While the art of glass making is centuries old, many of the techniques I use to create specific images in glass are very modern. I use computer graphics programs to finalize my designs and then use a laser cutter to make stencils and masks. Stencils are used to create repeatable, multi-colored art glass patterns, while masks are used primarily when etching (or removing) layers of glass to create images.
Working with glass is part art and part science. The art is in choosing what to make with the tremendous variety of glass that’s available. Special glass for fusing is available in a many colors, textures and forms, giving the artist infinite possibilities in what they create. It is available in sheets, rods, and frit (chopped up glass ranging in texture from fine powder to chunky gravel). Colors are transparent, opaque and in combinations of the two swirled together. In addition, it is available with an iridescent coating, like gasoline on water, which further adds to the variety of effects that can be achieved.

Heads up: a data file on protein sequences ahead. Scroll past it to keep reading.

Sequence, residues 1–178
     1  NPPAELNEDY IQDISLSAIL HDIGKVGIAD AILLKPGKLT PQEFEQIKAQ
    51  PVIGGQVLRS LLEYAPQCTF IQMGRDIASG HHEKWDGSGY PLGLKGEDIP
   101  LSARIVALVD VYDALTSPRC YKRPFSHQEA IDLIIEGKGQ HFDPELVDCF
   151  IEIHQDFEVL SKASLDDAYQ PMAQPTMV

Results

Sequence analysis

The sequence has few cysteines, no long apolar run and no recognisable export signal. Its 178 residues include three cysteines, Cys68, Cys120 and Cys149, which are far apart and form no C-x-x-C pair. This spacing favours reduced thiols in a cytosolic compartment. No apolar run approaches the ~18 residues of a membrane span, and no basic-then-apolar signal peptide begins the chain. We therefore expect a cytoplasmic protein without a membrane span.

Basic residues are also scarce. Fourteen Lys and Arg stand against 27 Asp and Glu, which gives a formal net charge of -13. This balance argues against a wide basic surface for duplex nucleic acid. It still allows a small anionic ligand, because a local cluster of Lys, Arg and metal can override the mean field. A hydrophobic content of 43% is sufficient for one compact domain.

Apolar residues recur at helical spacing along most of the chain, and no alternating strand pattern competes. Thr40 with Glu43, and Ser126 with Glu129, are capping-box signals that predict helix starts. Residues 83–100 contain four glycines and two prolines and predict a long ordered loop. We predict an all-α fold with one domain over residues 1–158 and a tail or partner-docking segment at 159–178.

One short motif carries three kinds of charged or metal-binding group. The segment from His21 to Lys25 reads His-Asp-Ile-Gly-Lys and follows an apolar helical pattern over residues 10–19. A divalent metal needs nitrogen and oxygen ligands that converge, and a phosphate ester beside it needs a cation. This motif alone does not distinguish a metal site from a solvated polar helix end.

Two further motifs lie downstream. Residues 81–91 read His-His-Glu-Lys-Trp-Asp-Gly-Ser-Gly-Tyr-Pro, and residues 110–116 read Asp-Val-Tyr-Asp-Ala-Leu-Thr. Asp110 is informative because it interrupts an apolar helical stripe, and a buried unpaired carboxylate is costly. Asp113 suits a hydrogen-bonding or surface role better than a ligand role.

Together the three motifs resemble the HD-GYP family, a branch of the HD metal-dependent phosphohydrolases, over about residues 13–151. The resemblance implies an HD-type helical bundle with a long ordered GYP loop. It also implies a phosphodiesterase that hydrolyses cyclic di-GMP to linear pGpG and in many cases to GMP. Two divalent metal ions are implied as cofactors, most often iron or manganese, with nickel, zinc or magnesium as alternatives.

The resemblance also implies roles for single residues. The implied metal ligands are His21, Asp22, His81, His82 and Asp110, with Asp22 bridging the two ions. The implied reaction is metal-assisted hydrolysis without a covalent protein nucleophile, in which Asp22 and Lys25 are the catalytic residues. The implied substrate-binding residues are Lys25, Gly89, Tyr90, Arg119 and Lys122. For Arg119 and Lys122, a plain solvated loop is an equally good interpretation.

From the artist’s perspective, the science comes in firing the glass, which expands as it heats and contracts as it cools. Care must be taken to avoid breakage in the kiln. The size of each piece determines how quickly we can bring the kiln to the target temperature, how quickly we can lower it to room temperature, and how long the piece is held at the target temperature. The process of heating glass to the point where it begins to melt and the pieces join together is called fusing, and the process of softening the glass so it will sink into the shape of a mold is called slumping. Many pieces require multiple firings to get to their final form.
To get an idea of the vast variety of colors, textures, and finishes available to the glass artist, you can access the full Bullseye Glass catalogue in PDF form by clicking on this link. Wait a moment while it opens in a new window.